M.B. then argued that 23 Pa.C.S.A. Section 4343 also requires the dismissal of an action for paternity when a man is excluded from paternity after genetic testing. The court rejected this argument as well, pointing out that the statute cited by M.B. actually directly opposes his argument. The Superior Court noted that the statute “does not provide that genetic tests are conclusive of the issue of paternity,” but such a determination may only be made by “a court in a civil action.” Additionally, the statute also allows for additional testing if a party contests the initial test.

M.B. proffered a cursory argument that additional testing would violate his Fourth Amendment rights under the U.S. Constitution. However, as he did not raise this argument in a timely manner, the Superior Court did not consider it. Instead, it indicated that additional testing may be permitted if the first test can be demonstrated to be unreliable by the preponderance of the evidence.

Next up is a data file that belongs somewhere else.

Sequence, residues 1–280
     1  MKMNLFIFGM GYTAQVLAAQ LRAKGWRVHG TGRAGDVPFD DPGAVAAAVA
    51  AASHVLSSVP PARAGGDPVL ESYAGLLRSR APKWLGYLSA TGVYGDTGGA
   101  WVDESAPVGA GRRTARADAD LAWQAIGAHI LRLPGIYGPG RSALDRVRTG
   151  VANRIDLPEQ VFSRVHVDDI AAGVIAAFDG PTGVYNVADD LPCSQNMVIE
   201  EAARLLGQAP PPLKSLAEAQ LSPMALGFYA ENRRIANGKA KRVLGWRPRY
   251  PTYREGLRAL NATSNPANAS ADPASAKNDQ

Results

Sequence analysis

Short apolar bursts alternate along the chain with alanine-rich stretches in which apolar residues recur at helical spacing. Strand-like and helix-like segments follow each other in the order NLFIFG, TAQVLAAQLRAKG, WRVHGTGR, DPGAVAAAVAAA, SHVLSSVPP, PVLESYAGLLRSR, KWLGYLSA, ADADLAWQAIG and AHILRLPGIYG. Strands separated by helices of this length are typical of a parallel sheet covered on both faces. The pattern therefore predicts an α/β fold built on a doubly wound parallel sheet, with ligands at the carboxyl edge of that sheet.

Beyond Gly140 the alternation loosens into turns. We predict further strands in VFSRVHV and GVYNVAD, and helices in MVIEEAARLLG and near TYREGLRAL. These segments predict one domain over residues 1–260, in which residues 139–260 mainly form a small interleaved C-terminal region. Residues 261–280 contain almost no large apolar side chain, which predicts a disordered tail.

M.B. finally argued that the trial court abused its discretion by basing its ruling on excluded evidence (the Starbucks cup) and the Montgomery County test (which he argued had no facts to suggest it was unreliable). The Superior Court was sympathetic to this particular argument, however it directed its focus to the fact that the trial court never completed the record due to inexplicably entering an order before finishing the hearing. As a result, the court could not sufficiently review the facts and evidence in the case as it was left incomplete. Indeed, the Superior Court ruled that 23 Pa.C.S.A. Section 4343 affords the mother the right to an additional genetic test at her own expense as a matter of right.